Another welcome surprise from Soderbergh

Film: The director calls his newest release `another left turn' on his career path.


March 17, 2000|By Ann Hornaday | Ann Hornaday,SUN FILM CRITIC

"Erin Brockovich," which opens today, represents yet another twist in a winding road recently taken by director Steven Soderbergh.

In 1996, he released "Gray's Anatomy," a fanciful film adaptation of Spalding Gray's performance-memoir of his battle with a rare eye disease. The following year, Soderbergh came out with the adamantly quirky "Schizopolis," in which he played with notions of love, language and his own persona.

Then came "Out of Sight," his adaptation of an Elmore Leonard thriller starring the high-voltage duo of George Clooney and Jennifer Lopez. Slick, sexy and ingeniously structured, "Out of Sight" garnered Soderbergh attention from audiences and Hollywood that had been relatively scarce since his feature debut, "sex, lies and videotape," was released in 1989.

Soderbergh capitalized on the buzz, not by going deeper into the Hollywood system, but by directing a small film that took place on its seediest margins. "The Limey," which starred Terrence Stamp as an ex-convict trying to avenge the death of his daughter, was yet another counterintuitive move from a filmmaker who, at 37, has made a career of confounding expectations.

During a recent telephone interview, Soderbergh admitted that "Erin Brockovich," in which Julia Roberts plays a woman who in 1993 helped a small town sue the utility giant PG&E for dumping toxic waste, represents "another left turn."

After "Out of Sight" and "The Limey," "Erin Brockovich" was just what he needed, Soderbergh said. "I wanted to make a movie in which I was not front and center. And I knew when I read it, because Julia was already attached, that it was just going to be one of those meetings of performer and role that was going to be special and that I wanted to be around for. ... I have always felt that she's a really gifted actress in addition to being a movie star. And she didn't disappoint."

"Erin Brockovich" might easily have been a boilerplate David-and-Goliath story, a true-life drama akin to such recent films as "A Civil Action" and "The Insider." But Soderbergh didn't want the movie to revert to type. He avoided courtroom scenes, instead playing up the quirky, sometimes prickly personality of his heroine, who dresses in tight skirts, swears like a stevedore, loves her three kids and is smart enough to ferret out a truth that PG&E spent millions trying to cover up.

"I'm a huge, huge, `All the President's Men' fan, it's one of my favorite movies of all time," he said of the based-on-a-true story genre. "I like films like `Norma Rae' and `Silkwood' when you can find a way to tell the story and not have it feel like vitamins. This seemed to have that [potential] because of her character, which is so dynamic and complicated."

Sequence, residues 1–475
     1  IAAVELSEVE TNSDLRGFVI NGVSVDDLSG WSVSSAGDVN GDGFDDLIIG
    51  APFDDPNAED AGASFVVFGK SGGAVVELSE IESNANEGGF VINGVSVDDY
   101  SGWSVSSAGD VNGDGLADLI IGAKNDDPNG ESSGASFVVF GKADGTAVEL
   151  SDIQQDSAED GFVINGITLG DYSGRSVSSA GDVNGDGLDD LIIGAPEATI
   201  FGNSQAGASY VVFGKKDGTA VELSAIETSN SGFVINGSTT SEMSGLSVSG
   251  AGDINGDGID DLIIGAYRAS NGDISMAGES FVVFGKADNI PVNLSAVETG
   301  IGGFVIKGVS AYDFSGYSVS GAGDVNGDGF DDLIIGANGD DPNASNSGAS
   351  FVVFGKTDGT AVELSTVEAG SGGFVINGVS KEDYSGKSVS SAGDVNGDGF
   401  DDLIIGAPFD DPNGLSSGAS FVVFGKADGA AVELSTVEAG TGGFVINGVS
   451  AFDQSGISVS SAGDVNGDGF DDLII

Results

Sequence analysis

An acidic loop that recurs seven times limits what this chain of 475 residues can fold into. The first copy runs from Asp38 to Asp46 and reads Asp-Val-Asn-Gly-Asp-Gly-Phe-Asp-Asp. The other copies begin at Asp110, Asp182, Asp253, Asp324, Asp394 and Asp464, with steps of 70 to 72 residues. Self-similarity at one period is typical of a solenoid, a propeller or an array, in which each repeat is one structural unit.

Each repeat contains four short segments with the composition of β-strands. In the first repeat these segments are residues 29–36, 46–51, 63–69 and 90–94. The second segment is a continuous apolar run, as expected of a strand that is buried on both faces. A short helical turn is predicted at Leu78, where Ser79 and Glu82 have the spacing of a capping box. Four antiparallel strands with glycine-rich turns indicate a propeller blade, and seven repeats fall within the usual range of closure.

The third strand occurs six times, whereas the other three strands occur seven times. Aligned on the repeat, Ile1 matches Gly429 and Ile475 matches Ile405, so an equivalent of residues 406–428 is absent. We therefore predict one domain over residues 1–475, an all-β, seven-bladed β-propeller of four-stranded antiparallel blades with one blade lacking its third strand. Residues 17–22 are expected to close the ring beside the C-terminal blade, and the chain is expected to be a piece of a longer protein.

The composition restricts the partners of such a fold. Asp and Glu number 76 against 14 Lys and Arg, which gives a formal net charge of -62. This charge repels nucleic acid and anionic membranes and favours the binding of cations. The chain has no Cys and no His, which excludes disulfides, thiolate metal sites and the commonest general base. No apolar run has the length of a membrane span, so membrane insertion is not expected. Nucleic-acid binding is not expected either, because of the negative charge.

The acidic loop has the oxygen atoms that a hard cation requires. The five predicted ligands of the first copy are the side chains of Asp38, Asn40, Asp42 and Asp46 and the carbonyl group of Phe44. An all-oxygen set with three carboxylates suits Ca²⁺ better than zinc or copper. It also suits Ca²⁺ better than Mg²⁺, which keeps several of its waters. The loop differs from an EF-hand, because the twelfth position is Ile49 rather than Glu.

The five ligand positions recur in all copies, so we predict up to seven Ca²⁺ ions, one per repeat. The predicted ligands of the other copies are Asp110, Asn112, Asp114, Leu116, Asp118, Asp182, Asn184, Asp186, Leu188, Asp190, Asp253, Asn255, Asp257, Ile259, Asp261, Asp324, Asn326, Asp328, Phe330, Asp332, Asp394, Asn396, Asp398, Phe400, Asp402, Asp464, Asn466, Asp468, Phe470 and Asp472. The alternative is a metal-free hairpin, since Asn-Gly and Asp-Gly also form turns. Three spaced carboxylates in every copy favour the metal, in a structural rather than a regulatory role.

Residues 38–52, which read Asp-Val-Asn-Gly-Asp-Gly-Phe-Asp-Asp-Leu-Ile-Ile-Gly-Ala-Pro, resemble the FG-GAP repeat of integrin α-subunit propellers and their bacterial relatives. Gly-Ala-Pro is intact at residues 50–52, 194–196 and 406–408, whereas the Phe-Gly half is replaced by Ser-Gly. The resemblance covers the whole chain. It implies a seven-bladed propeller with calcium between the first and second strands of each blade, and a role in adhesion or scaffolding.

As eager as Soderbergh was to work with Roberts and as much as he admires the real-life woman on which the film is based, it was an early visit to the town of Hinkley, Calif., whose citizens won $333 million in the lawsuit, that clinched the project for him.

"The sensation of being that isolated, and knowing how easy it would be for someone who was being treated poorly out there not to be heard, was palpable," Soderbergh said. "The helplessness that they must have felt was really intense when you stood out there in a town that basically doesn't exist anymore. It's a ghost town. [PG&E] bought up all the property and razed it, and they own it now. And that town's gone."

Oscars talk

Baltimore filmmakers Susan Hadary and William Whiteford, whose film "King Gimp" is nominated for an Oscar as best documentary short, will discuss their work Sunday on "Media Matters" on WJHU (88.1 FM). The show airs Sundays from 4 p.m. to 5 p.m., with a repeat Monday night at 8: 30.

In the Shooting Gallery

"Such a Long Journey," director Sturia Gunnarsson's drama about an Indian family threatened by events of the 1971 War of East Independence with Pakistan, will be shown Monday as part of the continuing Shooting Gallery Film Club series. The film starts at 7: 30 p.m. at the Valley Center Theaters, off Reisterstown Road. Admission is $18.

Cinema Sundays

"Mr. Death: The Rise and Fall of Fred A. Leuchter Jr.," from documentary filmmaker Errol Morris, will be shown Sunday as the final film in the current Cinema Sundays series at the Charles.

Morris' film looks at the exceedingly strange life and career of Leuchter, an "execution efficiency expert" (he repairs and maintains electric chairs) who was hired to find "proof" at Auschwitz that the Holocaust never happened. The film will be introduced and discussed by City Paper editor Andy Markowitz.

Tickets to Sunday's final film of the series are $15. Doors open at 9: 45 a.m. for coffee and bagels; the show starts at 10: 30 a.m.

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